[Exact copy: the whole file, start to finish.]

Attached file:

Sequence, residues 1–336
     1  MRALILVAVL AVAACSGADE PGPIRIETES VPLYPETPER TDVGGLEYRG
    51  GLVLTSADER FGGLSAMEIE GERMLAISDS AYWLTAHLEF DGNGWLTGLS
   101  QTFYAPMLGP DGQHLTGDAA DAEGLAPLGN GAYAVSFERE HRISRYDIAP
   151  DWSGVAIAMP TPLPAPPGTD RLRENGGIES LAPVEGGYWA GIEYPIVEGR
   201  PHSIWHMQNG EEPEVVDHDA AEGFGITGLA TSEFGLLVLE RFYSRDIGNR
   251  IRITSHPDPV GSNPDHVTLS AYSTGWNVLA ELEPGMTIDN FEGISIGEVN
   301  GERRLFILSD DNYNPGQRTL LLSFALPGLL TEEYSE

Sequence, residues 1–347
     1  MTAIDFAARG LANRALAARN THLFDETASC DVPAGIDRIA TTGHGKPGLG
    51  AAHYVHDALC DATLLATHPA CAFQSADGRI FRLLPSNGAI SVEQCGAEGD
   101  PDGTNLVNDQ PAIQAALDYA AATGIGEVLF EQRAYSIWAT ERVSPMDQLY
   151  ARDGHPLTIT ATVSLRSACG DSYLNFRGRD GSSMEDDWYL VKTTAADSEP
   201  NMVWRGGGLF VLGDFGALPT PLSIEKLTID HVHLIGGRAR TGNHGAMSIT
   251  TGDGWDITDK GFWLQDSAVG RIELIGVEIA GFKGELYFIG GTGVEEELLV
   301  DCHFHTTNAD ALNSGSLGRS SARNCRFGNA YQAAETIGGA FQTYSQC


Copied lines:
Sequence, residues 1–336
     1  MRALILVAVL AVAACSGADE PGPIRIETES VPLYPETPER TDVGGLEYRG
    51  GLVLTSADER FGGLSAMEIE GERMLAISDS AYWLTAHLEF DGNGWLTGLS
   101  QTFYAPMLGP DGQHLTGDAA DAEGLAPLGN GAYAVSFERE HRISRYDIAP
   151  DWSGVAIAMP TPLPAPPGTD RLRENGGIES LAPVEGGYWA GIEYPIVEGR
   201  PHSIWHMQNG EEPEVVDHDA AEGFGITGLA TSEFGLLVLE RFYSRDIGNR
   251  IRITSHPDPV GSNPDHVTLS AYSTGWNVLA ELEPGMTIDN FEGISIGEVN
   301  GERRLFILSD DNYNPGQRTL LLSFALPGLL TEEYSE

Sequence, residues 1–347
     1  MTAIDFAARG LANRALAARN THLFDETASC DVPAGIDRIA TTGHGKPGLG
    51  AAHYVHDALC DATLLATHPA CAFQSADGRI FRLLPSNGAI SVEQCGAEGD
   101  PDGTNLVNDQ PAIQAALDYA AATGIGEVLF EQRAYSIWAT ERVSPMDQLY
   151  ARDGHPLTIT ATVSLRSACG DSYLNFRGRD GSSMEDDWYL VKTTAADSEP
   201  NMVWRGGGLF VLGDFGALPT PLSIEKLTID HVHLIGGRAR TGNHGAMSIT
   251  TGDGWDITDK GFWLQDSAVG RIELIGVEIA GFKGELYFIG GTGVEEELLV
   301  DCHFHTTNAD ALNSGSLGRS SARNCRFGNA YQAAETIGGA FQTYSQC